Scooter Braun is a show-biz macher for the Internet age. He finds raw talent and scratches and claws his way in the door. It’s an M.O. so effective some of the biggest names in the record game think he might become “one of the greats.”
And it might seem like it all started with little Justin Bieber posting a YouTube video of himself singing an Usher song, but really it started with Braun turning nothing into something.
Scooter Braun, after all, is a nice, Jewish boy from Greenwich, Conn., the son of two dentists, who grew up in a big house with a big family. He has two younger siblings and two brothers his parents adopted from Mozambique.
At Greenwich High School, classmates crowned Braun, now 29, homecoming prince and “he was the first person to be class president three years in a row,” his father, Dr. Ervin Braun, proudly points out.
“He was always kind of a big man on campus. He had a very hot profile,” says one high school classmate. “He was always doing stuff — making moves, planning parties. And he always had pretty girlfriends, lots of them.” (His current girlfriend, with whom Braun says he’s in love but refuses to name, was mistakenly described as Bieber’s love interest on a gossip TV show.)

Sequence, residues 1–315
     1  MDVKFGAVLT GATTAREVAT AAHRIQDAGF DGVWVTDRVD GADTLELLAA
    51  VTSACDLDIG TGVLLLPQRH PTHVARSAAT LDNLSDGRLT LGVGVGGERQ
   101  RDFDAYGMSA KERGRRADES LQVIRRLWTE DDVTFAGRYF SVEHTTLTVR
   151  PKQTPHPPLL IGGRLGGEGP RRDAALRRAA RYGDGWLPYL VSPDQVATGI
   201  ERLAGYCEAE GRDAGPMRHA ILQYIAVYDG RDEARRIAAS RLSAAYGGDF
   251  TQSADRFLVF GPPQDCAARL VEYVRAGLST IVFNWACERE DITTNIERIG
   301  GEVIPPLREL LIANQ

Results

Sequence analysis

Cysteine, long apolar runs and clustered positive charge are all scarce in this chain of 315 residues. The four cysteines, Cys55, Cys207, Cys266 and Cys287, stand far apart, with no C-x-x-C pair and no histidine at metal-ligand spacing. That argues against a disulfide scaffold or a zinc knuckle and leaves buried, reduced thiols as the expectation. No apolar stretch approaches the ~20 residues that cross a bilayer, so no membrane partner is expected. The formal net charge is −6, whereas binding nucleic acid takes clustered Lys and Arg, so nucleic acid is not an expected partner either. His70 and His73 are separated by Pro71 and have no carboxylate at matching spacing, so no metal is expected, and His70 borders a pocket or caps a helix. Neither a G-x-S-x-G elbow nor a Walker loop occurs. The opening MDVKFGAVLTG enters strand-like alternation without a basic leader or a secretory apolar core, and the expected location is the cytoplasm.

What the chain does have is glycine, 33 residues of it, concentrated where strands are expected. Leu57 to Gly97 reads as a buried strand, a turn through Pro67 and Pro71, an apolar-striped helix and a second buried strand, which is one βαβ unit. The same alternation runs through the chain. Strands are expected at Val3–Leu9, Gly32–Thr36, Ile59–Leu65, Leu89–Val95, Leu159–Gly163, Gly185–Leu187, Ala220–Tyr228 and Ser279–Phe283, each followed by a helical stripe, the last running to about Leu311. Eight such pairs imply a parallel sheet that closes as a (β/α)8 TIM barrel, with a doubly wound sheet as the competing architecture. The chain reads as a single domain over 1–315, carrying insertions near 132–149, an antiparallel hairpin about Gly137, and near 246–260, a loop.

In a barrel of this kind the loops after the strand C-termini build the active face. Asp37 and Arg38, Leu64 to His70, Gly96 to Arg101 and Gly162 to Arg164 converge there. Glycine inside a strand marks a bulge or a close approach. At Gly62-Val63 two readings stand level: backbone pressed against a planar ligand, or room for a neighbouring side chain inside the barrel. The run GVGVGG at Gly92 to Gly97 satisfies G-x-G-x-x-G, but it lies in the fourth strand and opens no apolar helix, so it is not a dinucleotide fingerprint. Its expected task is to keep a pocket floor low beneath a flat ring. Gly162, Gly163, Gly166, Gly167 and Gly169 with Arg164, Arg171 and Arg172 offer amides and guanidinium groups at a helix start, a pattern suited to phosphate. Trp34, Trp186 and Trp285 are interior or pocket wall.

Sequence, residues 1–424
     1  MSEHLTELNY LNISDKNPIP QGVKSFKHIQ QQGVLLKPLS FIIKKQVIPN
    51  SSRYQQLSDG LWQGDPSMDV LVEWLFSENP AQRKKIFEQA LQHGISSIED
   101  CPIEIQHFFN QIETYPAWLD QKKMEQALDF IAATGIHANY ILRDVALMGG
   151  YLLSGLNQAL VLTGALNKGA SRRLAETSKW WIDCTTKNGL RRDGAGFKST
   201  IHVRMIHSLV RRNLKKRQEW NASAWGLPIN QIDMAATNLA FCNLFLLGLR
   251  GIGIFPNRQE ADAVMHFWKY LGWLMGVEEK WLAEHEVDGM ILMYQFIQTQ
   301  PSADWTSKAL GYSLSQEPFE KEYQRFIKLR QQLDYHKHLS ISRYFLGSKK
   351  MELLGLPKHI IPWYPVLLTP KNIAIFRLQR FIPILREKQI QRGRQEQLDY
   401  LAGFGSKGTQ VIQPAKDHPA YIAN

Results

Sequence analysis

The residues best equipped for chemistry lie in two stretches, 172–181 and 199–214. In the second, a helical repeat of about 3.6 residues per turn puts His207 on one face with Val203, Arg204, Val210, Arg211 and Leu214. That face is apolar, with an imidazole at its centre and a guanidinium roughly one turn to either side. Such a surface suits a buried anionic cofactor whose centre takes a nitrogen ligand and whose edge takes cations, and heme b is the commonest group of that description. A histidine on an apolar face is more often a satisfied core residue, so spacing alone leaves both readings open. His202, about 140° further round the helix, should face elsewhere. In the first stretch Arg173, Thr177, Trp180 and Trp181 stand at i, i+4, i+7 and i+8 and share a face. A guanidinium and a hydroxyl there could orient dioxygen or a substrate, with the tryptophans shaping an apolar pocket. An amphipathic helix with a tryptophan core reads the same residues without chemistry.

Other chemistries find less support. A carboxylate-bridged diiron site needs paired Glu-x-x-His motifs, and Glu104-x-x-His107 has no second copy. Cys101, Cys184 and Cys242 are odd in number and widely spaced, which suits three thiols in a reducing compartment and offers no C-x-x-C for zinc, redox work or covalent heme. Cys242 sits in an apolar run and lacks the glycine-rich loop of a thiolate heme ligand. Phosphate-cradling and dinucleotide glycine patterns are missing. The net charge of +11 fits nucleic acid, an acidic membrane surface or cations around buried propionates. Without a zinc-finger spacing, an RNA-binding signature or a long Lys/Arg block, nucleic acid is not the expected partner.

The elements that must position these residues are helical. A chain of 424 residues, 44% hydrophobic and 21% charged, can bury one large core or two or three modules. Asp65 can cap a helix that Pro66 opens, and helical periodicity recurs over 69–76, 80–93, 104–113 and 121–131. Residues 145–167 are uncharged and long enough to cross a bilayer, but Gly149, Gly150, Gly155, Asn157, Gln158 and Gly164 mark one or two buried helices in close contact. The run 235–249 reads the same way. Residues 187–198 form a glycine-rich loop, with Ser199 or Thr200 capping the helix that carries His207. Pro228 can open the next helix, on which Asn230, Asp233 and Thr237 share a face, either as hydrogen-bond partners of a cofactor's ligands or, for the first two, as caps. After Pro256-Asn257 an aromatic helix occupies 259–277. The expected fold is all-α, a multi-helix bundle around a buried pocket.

Some of Braun’s friends roll their eyes when they hear him called Scooter. Back in the day, he was just Scott. His younger brother, Adam, used to tease him with the name, but Braun decided to reinvent himself as Scooter when he enrolled at Atlanta’s Emory University. He says it’s because he made a $100 bet with a friend that he could get everyone to call him Scooter by his second semester. He also “realized that Scooter was a good name for marketing.”
“Scott hated the nickname. We fought whenever I called him Scooter,” Adam says. “It’s kind of strange that I was the one who gave him the name, and now I’m one of the few people who still know him as Scott.”
As Scooter, Braun spent most of his time promoting parties that eventually earned him thousands of dollars per night. And his name wasn’t the only thing that had changed.
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